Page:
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5 Daily Tech Stories That Filmmakers (And Film Fans) Need to Read: Apple TV News, Selling Films on Facebook and More

5 Daily Tech Stories That Filmmakers (And Film Fans) Need to Read: Apple TV News, Selling Films on Facebook and More

1. Apple TV:  While everyone’s waiting for Apple to announce a next generation iPhone, word is that they may debut the new Apple TV as soon as next week. Nothing is definite, but the tech industry is buzzing about rumors about Apple receiving a shipment labeled “Set Top Box with Communication Function” from BYD Precision Manufacture in China. Stay tuned…

2. Free TV: Must see free TV? ABC is streaming pilots for its three new comedies via WatchABC.com and Hulu, according to Variety. Viewers can check out “The Goldbergs,” “Trophy Wife” and “Back in the Game” via WatchABC.com and Hulu three weeks ahead of their broadcast debut.

3. Littlecast: Billed as the “first platform for direct producer to public video sales created for social media,” Littlecast launched yesterday with $2 million in seed funding from a group of technology and
entertainment investors. Littlecast allows consumers to buy and play videos directly on Facebook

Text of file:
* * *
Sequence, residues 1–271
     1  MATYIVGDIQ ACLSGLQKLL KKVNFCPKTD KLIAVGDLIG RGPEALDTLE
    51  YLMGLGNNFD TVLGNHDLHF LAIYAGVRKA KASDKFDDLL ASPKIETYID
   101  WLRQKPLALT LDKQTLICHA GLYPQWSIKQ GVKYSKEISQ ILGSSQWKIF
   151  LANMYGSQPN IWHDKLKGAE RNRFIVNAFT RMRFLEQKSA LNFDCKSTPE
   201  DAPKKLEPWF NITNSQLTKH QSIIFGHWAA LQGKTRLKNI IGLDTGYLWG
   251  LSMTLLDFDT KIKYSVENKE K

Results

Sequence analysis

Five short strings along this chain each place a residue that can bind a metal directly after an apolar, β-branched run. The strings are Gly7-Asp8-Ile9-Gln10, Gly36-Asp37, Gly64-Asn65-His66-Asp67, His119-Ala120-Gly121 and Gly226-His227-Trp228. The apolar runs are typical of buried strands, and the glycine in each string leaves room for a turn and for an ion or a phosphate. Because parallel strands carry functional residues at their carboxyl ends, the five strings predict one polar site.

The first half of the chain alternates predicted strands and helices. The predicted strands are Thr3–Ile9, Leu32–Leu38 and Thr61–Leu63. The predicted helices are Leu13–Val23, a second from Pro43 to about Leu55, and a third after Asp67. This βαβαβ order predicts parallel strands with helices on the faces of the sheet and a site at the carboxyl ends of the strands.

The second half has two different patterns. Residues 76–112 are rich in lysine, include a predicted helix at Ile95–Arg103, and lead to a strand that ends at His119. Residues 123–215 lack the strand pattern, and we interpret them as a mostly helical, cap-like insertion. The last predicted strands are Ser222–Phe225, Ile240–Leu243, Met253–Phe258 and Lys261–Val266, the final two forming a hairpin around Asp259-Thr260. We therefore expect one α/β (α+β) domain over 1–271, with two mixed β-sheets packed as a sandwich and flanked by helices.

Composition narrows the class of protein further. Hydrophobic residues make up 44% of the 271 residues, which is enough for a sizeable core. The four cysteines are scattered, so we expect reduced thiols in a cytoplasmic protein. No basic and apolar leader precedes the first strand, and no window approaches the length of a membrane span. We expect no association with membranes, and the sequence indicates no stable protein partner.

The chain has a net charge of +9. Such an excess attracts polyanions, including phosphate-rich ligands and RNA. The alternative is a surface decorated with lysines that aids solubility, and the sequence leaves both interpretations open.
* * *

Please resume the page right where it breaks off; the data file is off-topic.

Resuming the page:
and mobile apps. In other words, indie film producers can now sell directly to fans on
Facebook without directing users to a third party site. Good news, right?

4. Cronenberg’s Mind: Ever wanted to know what it was like to live inside a David Cronenberg film? Now’s your chance. TIFF and the Canadian Film Centre’s Media Lab (CFC Media Lab) have co-produced “Body/Mind/Change,” a multi-media production with creative direction by Lance
Weiler starring David Cronenberg that presents the plausible science fiction found in his work as scientific fact. Intrigued? Sign up now at www.bodymindchange.ca and register to be one of the first to receive the next generation bio-tech recommendation engine, called Personal-On-Demand (POD). In the meantime, you can check out a sneak peak below.

5. Toronto Film Festival: Although it’s called a film festival, only 3 out of the 288 feature-length films playing at TIFF this year are on 35 mm. film. That said, TIFF programmers are still dedicated to showing movies shot with film. “We’ll show [35-millimetre] till the end of time. We figure one day it’s
going to be an event, coming here to watch something on film,” Cinematheque programmer Brad Deane told The National Post.

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